Rezaei
Velayati
Ghalibaf
Aref
Jalili
Rouhani
Haddad 2
Gharazi
The talk IRINN, 22:30–23:00
Rouhani
Jalili
Gharazi
Haddad
Velayati
Rezaei
Aref 2
Ghalibaf
Documentary 1–2 IRIB1, 23:30–24:00 JJ1, 00:30–01:00
Jalili
Rouhani
Haddad
Gharazi
Rezaei
Velayati
Ghalibaf
Aref 2
Debate 2–3 IRIB1, 16:00–19:30 IRIB4, 21:00–00:30
All
All

1 The first one-hour TV program of Mohammad-Reza Aref was cut after 15 minutes and did not continue.[84][85] Later, the program was completely shown again on Friday, 31 May 2013.[86]
2 Haddad and Aref's programs were not shown because they withdrew.[87]

State limits on the campaign[edit]

On 9 June Brigadier General Seyyed Masoud Jazayeri, Deputy Chief of Joint Armed Forces Headquarters and head of the Defense Propaganda Headquarters, "warned" a "few of the candidates" that "...we have warned before that it's better that candidates express their opinions within the framework of presidency's authority, and avoid entering in those issues related to security or the armed forces." Jazayeri added that the Pasdaran will confront those candidates "who have spread untrue information and painted a black picture [of the regime], after the election."

According to the Campaign for Human Rights in Iran, Jazayeri was "alluding to the two reformist candidates in the race, Mohammad Reza Aref and Hassan Rouhani". (Aref withdrew from the race 11 June)[88]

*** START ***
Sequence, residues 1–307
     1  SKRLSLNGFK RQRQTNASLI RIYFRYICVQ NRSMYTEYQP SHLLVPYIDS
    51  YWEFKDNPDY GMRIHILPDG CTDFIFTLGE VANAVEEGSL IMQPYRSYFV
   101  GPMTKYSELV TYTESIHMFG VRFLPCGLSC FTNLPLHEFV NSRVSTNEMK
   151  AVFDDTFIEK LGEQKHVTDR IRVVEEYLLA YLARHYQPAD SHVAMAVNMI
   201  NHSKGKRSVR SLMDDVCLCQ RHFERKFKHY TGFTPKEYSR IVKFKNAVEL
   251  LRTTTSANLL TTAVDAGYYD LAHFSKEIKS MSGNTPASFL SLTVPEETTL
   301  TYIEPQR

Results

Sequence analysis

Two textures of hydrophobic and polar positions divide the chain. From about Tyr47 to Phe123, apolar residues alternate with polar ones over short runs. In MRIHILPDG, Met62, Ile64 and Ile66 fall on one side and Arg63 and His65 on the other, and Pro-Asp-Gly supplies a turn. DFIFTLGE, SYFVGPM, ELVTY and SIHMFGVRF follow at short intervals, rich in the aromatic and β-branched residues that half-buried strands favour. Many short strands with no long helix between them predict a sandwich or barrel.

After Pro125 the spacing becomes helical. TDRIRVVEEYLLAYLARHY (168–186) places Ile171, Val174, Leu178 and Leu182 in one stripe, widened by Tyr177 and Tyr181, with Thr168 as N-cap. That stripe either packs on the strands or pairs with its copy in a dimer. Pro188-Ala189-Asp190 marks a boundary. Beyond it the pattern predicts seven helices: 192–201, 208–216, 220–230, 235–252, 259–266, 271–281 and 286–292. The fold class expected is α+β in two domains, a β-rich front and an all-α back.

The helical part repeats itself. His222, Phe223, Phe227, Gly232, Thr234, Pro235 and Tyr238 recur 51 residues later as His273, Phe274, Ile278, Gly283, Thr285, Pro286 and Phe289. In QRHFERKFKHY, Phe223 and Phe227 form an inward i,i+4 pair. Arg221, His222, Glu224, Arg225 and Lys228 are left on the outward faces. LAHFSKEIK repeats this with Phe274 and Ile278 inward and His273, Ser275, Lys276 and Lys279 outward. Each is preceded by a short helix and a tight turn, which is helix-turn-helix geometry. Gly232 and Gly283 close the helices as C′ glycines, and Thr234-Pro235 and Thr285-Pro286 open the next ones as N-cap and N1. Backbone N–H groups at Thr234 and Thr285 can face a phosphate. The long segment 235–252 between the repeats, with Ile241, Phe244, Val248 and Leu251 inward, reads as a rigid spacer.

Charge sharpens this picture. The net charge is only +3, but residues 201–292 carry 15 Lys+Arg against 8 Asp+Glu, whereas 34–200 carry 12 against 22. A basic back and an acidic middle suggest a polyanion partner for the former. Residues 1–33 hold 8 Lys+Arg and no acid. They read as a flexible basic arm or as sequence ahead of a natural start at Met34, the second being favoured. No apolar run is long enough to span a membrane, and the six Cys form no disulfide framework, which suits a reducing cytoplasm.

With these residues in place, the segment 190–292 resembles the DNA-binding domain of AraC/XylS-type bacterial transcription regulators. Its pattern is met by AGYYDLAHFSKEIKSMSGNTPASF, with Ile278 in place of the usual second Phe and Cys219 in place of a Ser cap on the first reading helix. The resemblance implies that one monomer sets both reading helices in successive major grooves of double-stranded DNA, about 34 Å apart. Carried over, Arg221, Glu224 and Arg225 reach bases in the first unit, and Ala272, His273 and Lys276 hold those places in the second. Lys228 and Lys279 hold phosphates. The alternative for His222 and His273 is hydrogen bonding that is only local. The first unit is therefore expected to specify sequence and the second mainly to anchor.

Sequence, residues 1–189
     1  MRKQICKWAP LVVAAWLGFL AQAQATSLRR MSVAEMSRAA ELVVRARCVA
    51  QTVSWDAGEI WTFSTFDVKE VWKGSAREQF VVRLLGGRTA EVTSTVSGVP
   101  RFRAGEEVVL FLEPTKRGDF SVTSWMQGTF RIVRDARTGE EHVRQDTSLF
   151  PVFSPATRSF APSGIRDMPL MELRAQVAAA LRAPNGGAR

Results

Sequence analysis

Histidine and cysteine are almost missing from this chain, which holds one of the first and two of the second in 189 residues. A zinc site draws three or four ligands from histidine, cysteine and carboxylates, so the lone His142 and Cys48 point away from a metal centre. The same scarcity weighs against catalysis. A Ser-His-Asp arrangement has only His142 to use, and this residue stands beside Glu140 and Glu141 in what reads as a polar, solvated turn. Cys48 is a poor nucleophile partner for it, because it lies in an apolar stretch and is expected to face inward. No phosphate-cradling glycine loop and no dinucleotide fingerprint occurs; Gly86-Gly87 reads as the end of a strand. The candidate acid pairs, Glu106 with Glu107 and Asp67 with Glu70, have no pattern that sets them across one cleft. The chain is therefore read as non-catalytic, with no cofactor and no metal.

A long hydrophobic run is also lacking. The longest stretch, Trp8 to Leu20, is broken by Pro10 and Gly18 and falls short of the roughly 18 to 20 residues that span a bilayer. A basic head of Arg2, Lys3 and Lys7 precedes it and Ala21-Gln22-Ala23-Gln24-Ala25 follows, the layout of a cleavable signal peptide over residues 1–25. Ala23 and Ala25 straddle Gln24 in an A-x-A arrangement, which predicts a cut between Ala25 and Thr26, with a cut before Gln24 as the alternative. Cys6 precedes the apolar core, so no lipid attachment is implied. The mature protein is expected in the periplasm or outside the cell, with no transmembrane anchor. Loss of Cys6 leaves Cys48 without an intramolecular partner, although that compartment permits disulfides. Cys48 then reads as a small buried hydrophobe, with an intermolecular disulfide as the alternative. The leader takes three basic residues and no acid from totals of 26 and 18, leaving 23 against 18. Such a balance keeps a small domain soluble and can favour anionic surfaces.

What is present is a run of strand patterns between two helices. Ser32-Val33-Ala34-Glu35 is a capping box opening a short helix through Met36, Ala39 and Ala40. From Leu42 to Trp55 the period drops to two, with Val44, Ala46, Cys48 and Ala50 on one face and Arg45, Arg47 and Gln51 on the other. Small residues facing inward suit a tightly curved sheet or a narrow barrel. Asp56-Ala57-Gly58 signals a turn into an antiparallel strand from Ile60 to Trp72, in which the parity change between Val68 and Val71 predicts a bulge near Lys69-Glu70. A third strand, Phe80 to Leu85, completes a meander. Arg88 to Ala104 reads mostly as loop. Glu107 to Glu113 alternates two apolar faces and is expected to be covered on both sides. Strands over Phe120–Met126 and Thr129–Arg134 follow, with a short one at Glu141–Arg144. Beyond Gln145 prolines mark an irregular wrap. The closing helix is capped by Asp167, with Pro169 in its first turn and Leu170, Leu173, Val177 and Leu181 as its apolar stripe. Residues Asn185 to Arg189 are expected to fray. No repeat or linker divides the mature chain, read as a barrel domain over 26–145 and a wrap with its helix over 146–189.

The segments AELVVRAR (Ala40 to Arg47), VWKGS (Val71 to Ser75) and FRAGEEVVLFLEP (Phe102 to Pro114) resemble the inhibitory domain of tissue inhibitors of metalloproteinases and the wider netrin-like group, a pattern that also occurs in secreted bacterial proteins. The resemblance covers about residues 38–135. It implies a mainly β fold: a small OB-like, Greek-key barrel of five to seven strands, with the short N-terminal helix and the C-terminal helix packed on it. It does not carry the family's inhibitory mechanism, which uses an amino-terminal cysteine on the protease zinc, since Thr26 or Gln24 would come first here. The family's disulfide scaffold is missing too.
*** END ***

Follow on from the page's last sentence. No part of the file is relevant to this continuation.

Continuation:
Also according to the Campaign, "several political activists and campaign workers have been arrested at political rallies, at their work places, and at their homes" since the beginning of June. In addition, "journalists and activists who had been imprisoned after the 2009 elections" and were later released on furlough "have been recalled to prison in the month leading to the election"[88]

In the run-up to the election, the internet was drastically slowed down with poor connectivity and since March virtual private networks have been blocked, resulting in the inability of Iranians to access thousands of foreign websites, as well as Twitter and Facebook.[89]

Opinion polls[edit]

The main online polls began after announcement of candidates' final list. The polls are divided into three main groups: field polls, telephone polls and internet polls.

IPOS polls[edit]

As one of the few telephone polling systems in Iran, IPOS (Iranian Elections Tracking Polls) institute ran a daily poll system for the election, by claiming that they have the only official poll system in Iranian presidential election.[90][91] The poll is based on the daily phone interviews with a sample size of around 1,000 people per day.[92] The poll also reported that between 60 to 75% of the people confirmed they will participate in the presidential election.[93]